• Figure 2.2:The Strategic-Planning GapCopyright © 2012 Pearson Education,Inc. Publishing as Prentice Hall
    • What is Corporate Culture?Corporate culture isThe shared experiences, stories, beliefs,and norms that characterize anorganization.Copyright © 2012 Pearson Education,Inc. Publishing as Prentice Hall
    • Figure 2.3: The Business UnitStrategic-Planning ProcessCopyright © 2012 Pearson Education,Inc. Publishing as Prentice Hall
    • SWOT AnalysisCopyright © 2012 Pearson Education,Inc. Publishing as Prentice HallStrengthsWeaknessesOpportunitiesThreats
    • Copyright © 2011 Pearson Education,Inc. Publishing as Prentice Hall
    • Market Opportunity Analysis (MOA)Consider followings:• Can the benefits involved in theopportunity be articulated convincingly toa defined target market?• Can the target market be located andreached with cost-effective media andtrade channels?• Does the company possess or haveaccess to the critical capabilities andresources needed to deliver the customerbenefits?Copyright © 2012 Pearson Education,Inc. Publishing as Prentice Hall
    • Market Opportunity Analysis (MOA)• Can the company deliver the benefitsbetter than any actual or potentialcompetitors?• Will the financial rate of return meet orexceed the company’s requiredthreshold for investment?Copyright © 2012 Pearson Education,Inc. Publishing as Prentice Hall
    • Figure 2.4:Opportunity and Threat MatricesCopyright © 2012 Pearson Education,Inc. Publishing as Prentice Hall
    • Goal Formulation andManagers by Objectives• Unit’s objectives must be hierarchical→ priority # of objects’ importance• Objectives should be quantitative→ increase sales by 15% in 2 years.• Goals should be realistic→ use SWOT/Market Opportunity Analysis• Objectives must be consistent→ not possible to increase sales/profit atthe same timeCopyright © 2012 Pearson Education,Inc. Publishing as Prentice Hall
    • Porter’s Generic StrategiesCopyright © 2012 Pearson Education,Inc. Publishing as Prentice HallOverall cost leadershipDifferentiationFocus
    • Categories of Marketing Alliances• Product or service alliancesex. Starbucks +   Barnes and Nobles• Promotional alliancesex. McDonald’s + Disney = Happy meal• Logistics alliancesex. Zappos + UPS• Pricing collaborationsex. Credit card/Rental car offer mutual pricediscountCopyright © 2012 Pearson Education,Inc. Publishing as Prentice Hall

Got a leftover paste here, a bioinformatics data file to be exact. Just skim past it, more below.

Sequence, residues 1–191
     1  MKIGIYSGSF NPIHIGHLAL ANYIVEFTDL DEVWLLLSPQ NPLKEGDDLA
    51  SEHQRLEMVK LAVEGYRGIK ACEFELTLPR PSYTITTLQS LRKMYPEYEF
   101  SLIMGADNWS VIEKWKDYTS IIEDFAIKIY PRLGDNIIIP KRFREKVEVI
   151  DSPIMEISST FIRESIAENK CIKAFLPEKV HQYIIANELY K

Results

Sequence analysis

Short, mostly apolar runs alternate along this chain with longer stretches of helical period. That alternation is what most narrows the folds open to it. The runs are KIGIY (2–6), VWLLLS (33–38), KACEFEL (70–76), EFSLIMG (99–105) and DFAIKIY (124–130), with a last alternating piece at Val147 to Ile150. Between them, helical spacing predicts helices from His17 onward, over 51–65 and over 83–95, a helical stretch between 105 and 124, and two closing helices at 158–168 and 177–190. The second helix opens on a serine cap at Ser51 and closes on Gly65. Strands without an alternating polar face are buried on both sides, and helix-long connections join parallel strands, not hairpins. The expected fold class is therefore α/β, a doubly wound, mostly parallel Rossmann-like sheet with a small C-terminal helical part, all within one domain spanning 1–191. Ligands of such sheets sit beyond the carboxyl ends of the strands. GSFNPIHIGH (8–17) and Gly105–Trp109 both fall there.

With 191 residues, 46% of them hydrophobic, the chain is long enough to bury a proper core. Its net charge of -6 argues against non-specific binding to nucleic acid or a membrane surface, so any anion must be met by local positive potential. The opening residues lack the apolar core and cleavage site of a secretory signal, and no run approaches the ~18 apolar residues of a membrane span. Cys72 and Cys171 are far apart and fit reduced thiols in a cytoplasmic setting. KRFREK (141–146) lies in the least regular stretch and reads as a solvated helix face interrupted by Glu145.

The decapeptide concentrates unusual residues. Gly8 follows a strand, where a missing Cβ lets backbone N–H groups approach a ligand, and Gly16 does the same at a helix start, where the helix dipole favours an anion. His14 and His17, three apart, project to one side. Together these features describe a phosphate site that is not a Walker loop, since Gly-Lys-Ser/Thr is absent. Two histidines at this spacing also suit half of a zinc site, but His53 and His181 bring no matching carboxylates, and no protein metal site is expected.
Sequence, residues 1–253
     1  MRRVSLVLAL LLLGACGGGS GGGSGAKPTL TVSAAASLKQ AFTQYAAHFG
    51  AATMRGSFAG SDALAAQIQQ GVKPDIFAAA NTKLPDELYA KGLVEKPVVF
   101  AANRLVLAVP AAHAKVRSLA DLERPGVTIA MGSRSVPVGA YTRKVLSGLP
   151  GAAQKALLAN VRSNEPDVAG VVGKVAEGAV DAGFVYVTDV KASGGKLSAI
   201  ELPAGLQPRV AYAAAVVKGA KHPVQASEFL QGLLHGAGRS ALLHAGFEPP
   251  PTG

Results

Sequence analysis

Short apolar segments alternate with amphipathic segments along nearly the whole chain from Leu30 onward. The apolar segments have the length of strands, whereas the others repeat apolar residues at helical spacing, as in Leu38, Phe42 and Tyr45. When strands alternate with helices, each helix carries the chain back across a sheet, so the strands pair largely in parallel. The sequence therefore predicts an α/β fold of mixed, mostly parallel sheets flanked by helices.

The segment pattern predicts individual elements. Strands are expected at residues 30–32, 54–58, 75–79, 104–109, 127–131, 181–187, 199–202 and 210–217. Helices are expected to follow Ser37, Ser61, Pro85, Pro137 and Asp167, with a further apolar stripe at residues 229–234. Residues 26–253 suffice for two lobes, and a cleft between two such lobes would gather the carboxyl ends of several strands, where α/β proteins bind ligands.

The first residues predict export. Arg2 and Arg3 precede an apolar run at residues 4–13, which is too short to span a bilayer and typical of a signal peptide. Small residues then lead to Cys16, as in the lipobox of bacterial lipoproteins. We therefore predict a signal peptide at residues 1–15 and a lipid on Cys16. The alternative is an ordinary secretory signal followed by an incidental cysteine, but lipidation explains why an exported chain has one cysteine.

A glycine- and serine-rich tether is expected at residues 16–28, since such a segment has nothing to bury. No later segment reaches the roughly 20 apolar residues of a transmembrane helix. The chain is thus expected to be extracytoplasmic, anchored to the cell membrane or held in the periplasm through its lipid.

• McKinsey’s Elements of SuccessCopyright © 2012 Pearson Education,Inc. Publishing as Prentice HallStrategyStructureSystemsStyleShared valuesStaffSkills
    • Marketing Plan ContentsCopyright © 2012 Pearson Education,Inc. Publishing as Prentice Hall Executive summary Table of contents Situation analysis Marketing strategy Financial projections Implementation controls
    • Evaluating a Marketing PlanCopyright © 2012 Pearson Education,Inc. Publishing as Prentice Hall Is the plan simple? Is the plan specific? Is the plan realistic? Is the plan complete?
    • For Review• How does marketing affect customervalue?• How is strategic planning carried out atdifferent levels of the organization?• What does a marketing plan include?Copyright © 2012 Pearson Education,Inc. Publishing as Prentice Hall
    • Mission StatementsNIKETo Bring Inspiration and innovation toevery athlete in the world.MicrosoftWe work to help people and businessesthroughout the world realize their fullpotentialCVSWe will be the easiest pharmacy retailer forcustomers to use.DisneyWe create happiness by providing the finestin entertainment for people of all ages,everywhere.
    • Questions1. Are these mission statements lacking“teeth” and specificity?2. Do they vary much from firm to firm?3. Are these empty promises?4. Take mission: mission statements arecritical to a successful marketingorganization versus mission statementsrarely provide useful marketing value.Copyright © 2011 Pearson Education,Inc. Publishing as Prentice Hall
    • 2-2-3838All rights reserved. No part of this publication may be reproduced, stored in aretrieval system, or transmitted, in any form or by any means, electronic,mechanical, photocopying, recording, or otherwise, without the prior writtenpermission of the publisher. Printed in the United States of America.Copyright © 2012 Pearson Education, Inc.  Copyright © 2012 Pearson Education, Inc.  Publishing as Prentice HallPublishing as Prentice Hall